One of my only objectives this weekend was to write an article about traditional Chinese tea. I had been entertaining visions of myself walking down a dark side street in Central and discovering an old wooden tea house guarded by an ancient man with a long wispy beard. I would then bow with respect or give him a secret handshake that would allow me inside access to a tea that the man had just spent hours brewing – and I imagine that it would be the most fragrant and refreshing tea I’ve ever tasted.
So I asked some of my local friends where I could go to get some proper tea, and the most popular response was “well…there’s a tea museum in Central park”…but the recommendations for drinking tea in a traditional tea-house were few & far between. I ended up going to the Flagstaff House Museum of Tea Ware (which is now undergoing renovations) to find out more. Although they had a nice collection of 17th century utensils, the overall exhibit was more disappointing than the realization that my vision of ancient men brewing special recipes from long expired dynasties would not materialize.
And I suppose that this is the story of Hong Kong. The practices of conventional Chinese culture have in many ways been paved over by a hybrid east-meets-west society that bears a significant amount of influence from western nations. Sure, the streets of Kowloon and Sheung Wan are still home to the conventional wet markets and local men that sit in the vast recreational parks playing mahjong with their shirts off. It will be generations before this Hong Kong disappears. But simple things like food, fashion sense, and popular culture are a sort of mash-up, resulting in a product that is perhaps unique to Hong Kong.
The formalities of ancient tea preparation have been forgotten for the more relaxed and casual style found in dim-sum restaurants. The term Yum cha (飲茶), or “drinking tea” in Cantonese is primarily used as a verb to describe the act of going out to eat dim sum, showing just how closely tied the act of drinking tea has become to this style of food. In many of these restaurants it’s possible to be served teas like jasmine, chrysantheumum, and oolong – but the preparation is no special ritual. It would be uncommon for people in Hong Kong to only go out for tea, and instead most people would go out for “one bowl of tea – and two pieces of dim sum” (盅兩件) .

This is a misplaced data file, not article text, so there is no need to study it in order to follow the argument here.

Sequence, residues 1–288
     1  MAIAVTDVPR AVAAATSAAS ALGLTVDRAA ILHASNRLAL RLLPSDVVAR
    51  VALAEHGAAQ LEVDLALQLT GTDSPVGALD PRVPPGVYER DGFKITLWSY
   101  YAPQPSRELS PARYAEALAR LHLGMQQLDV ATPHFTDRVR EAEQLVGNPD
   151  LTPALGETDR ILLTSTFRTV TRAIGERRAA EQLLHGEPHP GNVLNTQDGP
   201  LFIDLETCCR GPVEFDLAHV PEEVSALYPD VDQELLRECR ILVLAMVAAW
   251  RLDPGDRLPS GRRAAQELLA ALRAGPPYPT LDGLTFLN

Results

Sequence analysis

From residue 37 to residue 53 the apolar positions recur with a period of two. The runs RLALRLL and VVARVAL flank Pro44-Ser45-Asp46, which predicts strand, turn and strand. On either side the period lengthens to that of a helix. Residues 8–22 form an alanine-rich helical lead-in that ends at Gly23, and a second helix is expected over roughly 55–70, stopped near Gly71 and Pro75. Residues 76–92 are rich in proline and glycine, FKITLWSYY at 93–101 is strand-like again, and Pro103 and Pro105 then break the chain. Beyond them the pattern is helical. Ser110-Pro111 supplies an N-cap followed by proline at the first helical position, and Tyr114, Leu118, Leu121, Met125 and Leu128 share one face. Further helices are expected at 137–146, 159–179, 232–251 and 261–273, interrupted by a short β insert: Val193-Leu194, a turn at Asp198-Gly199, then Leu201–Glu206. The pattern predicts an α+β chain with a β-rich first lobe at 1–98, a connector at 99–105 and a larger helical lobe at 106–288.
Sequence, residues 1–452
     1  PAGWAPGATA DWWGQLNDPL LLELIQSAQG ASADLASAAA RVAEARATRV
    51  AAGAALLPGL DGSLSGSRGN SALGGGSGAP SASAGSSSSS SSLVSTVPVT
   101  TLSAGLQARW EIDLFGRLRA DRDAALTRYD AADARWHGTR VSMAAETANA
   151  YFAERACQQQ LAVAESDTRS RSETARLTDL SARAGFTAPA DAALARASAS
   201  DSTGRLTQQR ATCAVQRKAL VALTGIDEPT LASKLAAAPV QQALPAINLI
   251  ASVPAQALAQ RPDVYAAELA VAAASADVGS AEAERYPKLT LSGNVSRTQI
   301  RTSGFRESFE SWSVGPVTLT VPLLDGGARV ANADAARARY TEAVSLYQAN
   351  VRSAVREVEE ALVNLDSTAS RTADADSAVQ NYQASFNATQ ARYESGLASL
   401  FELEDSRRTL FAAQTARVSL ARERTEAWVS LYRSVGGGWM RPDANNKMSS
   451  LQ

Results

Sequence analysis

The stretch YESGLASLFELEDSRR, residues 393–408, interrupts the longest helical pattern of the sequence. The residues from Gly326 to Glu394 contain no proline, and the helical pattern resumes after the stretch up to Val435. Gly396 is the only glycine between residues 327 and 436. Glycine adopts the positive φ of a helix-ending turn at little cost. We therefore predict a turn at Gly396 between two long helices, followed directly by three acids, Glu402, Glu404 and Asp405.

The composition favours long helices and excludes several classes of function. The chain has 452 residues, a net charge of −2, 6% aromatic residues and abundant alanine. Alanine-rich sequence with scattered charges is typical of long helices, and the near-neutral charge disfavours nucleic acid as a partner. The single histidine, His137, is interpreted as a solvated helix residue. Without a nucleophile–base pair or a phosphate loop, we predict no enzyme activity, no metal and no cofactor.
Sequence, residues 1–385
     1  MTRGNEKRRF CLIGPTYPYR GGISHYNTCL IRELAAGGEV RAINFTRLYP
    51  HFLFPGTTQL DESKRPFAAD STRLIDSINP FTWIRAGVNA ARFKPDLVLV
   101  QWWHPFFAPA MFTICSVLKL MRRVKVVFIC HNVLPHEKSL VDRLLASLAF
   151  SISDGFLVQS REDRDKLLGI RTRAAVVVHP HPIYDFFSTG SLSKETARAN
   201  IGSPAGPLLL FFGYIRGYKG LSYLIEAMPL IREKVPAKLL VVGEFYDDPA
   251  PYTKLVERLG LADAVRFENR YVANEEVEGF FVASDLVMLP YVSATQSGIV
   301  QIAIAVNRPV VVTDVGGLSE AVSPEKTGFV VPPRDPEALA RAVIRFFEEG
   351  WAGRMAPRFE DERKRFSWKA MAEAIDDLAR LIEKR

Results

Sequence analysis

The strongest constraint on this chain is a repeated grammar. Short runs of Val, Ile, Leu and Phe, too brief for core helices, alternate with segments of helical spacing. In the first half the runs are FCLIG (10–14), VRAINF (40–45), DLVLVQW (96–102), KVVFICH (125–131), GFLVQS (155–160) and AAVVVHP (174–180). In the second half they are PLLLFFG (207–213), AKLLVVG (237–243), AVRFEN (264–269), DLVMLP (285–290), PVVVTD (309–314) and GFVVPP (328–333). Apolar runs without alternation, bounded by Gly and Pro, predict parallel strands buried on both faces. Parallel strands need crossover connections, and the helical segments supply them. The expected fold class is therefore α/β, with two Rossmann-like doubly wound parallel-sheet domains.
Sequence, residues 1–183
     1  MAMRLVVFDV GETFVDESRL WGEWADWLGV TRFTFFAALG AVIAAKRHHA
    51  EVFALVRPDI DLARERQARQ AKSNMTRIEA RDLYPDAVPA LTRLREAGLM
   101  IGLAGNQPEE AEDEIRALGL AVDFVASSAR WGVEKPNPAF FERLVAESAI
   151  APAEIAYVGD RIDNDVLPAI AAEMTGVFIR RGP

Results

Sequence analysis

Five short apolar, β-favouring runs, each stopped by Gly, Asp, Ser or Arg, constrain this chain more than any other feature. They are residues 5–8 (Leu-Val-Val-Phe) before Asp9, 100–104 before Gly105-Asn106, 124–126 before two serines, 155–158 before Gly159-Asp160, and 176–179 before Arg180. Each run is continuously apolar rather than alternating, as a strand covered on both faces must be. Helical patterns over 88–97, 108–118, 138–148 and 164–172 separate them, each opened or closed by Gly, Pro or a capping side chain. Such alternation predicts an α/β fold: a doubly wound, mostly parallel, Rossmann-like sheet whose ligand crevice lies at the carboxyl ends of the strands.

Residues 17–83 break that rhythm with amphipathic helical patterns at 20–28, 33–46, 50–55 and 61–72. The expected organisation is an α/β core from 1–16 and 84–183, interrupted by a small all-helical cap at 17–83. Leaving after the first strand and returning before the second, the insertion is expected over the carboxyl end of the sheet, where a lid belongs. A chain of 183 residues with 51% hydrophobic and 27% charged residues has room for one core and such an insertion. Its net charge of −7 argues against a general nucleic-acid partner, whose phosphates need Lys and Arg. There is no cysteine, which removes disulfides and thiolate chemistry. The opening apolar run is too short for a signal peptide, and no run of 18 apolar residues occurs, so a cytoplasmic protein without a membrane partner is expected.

One of the most interesting traditions of tea that has evolved in Hong Kong is “milk-tea”. The British colonists that ruled Hong Kong for over 150 years brought with them the age-old habit of afternoon black tea, served with milk. If you’ve ever spent an extensive amount of time in England, then you know that a good cup of tea with milk is the lifeblood of the English. This tradition caught on, and evaporated milk began to replace the regular milk customarily mixed with several black teas at once, giving the tea a rich and creamy taste.
In modern Hong Kong, people drink milk tea with breakfast, lunch, or dinner – and take it hot when the weather favors it, or with ice cubes when the humidity of the summer is unbearable. The signs of a good cup of milk tea are found in how smooth and full-bodied it is, or if it leaves a white residue on the lip of the cup after a sip has been drunk. This is probably the most common type of tea that you’ll find across restaurants in Hong Kong, and definitely worth a try.
If I didn’t know the history behind things like milk-tea, it would be easy to assume that it grew out of a Chinese practice. But the more I try to dissect what makes Hong Kong special, I’m beginning to see just how many cultures have contributed to make this city a multi-cultural melting pot (or rice cooker) that’s slowly developing an identity of it’s own.